A Little Thought...

I've grown tired of people who fawn over filmmakers.

Pretty general statement, there. I myself am quite guilty.

But it dawned on me as I was reading a certain blog about the "next great American filmmaker" how clueless the majority of armchair cinephiles about art and the filmmaking process.

Making good films isn't about "creating art", like some Impressionist painter on a hillside. It's about waging war on that Void you need to fill. It's about dealing with setbacks. It's about kissing asses. It's about pretending to know what you're doing when you don't.

It's about being a politician, accountant, therapist, mechanic, and day laborer all in one.

Great films aren't "made". They happen. As much as you have a vision, as much as you plan ahead, it all comes down to the actual Happening of capturing an image and arranging it.

So when I hear an intellectual rhapsodizing over Cassavettes' art, as if he created Faces while musing at a cocktail party, I really, really want to set them straight.

Because the film world, intentions mean shit. All that matters is pulling it off.

Famous Brainstorming

Here's a nifty artifact showing the creative process for a very well known movie:

Mystery Man links to the transcript of George Lucas, Steven Spielberg and Lawrence Kasdan's story conference for Raiders of the Lost Ark. It's over 120 pages long.

Reading the summary and skimming the transcript, it's clear that these guys aren't slackers in any sense (even if they were the "Movie Brats"). Lucas' overall vision was incredibly well-thought out, and its a testament to these men's talent in how fluidly they generate and consider ideas.

Amazing that this sees the light of day.


The Geography of Everywhere

"How in the face of all moving and intermixing, can be retain any sense of place?" - Doreen Massey

"Place" has become something strange in the film industry-- every sucessful film must pertain to and somehow make money off of someone in everyplace, the result of a globalized economy that depends as much on dollars from Russia and China as from New York or Idaho.

A blockbuster has to achieve some sense of universiality: the stuff that puts butts in seats everywhere. Violence, sex, action that doesn't require any particular enculturation to understand. Essentially, movies that appeal to the average 6-year old boy.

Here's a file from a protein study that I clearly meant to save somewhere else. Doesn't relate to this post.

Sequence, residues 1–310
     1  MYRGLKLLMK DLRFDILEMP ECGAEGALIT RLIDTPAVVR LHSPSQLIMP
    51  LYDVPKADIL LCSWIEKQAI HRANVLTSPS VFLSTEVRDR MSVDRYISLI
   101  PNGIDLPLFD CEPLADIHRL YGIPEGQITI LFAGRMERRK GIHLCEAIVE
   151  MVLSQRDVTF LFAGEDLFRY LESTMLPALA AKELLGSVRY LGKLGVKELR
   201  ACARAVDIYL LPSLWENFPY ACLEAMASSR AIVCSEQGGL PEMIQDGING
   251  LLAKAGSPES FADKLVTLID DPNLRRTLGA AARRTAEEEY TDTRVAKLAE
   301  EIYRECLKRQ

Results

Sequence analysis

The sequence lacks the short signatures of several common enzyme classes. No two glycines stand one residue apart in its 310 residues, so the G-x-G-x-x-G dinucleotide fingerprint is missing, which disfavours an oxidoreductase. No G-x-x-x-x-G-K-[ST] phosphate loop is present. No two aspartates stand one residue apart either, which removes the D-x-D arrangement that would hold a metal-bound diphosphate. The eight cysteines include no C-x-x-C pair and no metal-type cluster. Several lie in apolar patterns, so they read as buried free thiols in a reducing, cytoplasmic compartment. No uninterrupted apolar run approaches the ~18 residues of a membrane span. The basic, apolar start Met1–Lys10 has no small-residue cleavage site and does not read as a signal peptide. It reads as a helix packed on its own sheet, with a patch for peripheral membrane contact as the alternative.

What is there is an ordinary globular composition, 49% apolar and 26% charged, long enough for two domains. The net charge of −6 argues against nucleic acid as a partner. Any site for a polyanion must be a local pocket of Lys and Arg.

That's all fine and dandy-- many of us are 6-year old boys at heart. "Big, dumb, loud" movies should be made as long as an audience appreciates them.

But what if you want something with more of a sense of place? A film that may not speak to the Czech Republic, but could sell tickets in New Orleans?

Movie capital comes from India, the UAE. It's been removed from its place of origin and tossed into a global system, where product must meet everyone's needs... and ultimately no one's.

Because really: when was the last time a recent blockbuster changed your life? (Yeah, I know about the TDK, but I mean, really seemed to speak to you personally?)


Future Thoughts

I wrote a while back about the "collapsing" film industry, and what can be done about it. But I didn't really go into the alternatives that would keep such a doomsday from occurring:

The New Media.

Everybody loves YouTube and Hulu, even if almost all of the content on the former is pure, unfiltered junk. The questions here involve what sort of revenue system is viable, and when truly great content is available.

Let's face it-- there's been no Birth of the Nation to send online media into the stratosphere. Of course there are the viral videos, but they don't have that blockbustery attribute of making most people want to re-watch them.

Nor are they exactly raking in the dollars.

New media takes care of distribution needs, but marketing is still a sort of challenge. Getting blogged about and e-mailed generates good word of mouth, but if some brilliant kid from Wyoming uploads the next Citizen Kane onto YouTube without promotion, it's gonna be a long time before anyone discovers it.

There's also the question of what sort of aesthetic quality users/the audience accepts. The glossy 35mm look is still dominant in the cinema world, but a bargain-basement webcam is fine for vlogs and other ephemeral online video.

I think as time goes on, audiences will be more willing to accept media that defies genre expectations for appearance-- which could allow for popular feature length films to be made on $300 budgets, and 1080/24p video diary entries.

Yay for cross-pollination.


Spring Break updates

Quite a lag, huh? I'll be back with some original content shortly. Here's a quick update of what happened on the personal project front:

  • I started writing the brand-new version of my feature length. I'm on page 12. Heh. Luckily I know where I'm going with it all, I just don't have the time/energy to do it.
  • I rewrote Dysart. It's subtler (and perhaps moodier) than it's ever been, and I'm quite satisfied. I'll go into more details as time goes on/I share it with my professor.
  • I gave a call to Asymmetrical Productions out in LA. Yes. That is David Lynch's ProdCo. Left a message on the answering machine, giving my name, number, and status. I let them know that I was interested in helping them with any needs they had.
Lame. But you gotta start somewhere. Right?

More on career stuff to follow.


A Deconstruction of "300"

And now... for those of who like to take things critically:

Frank Miller's "300" and the Persistence of Accepted Racism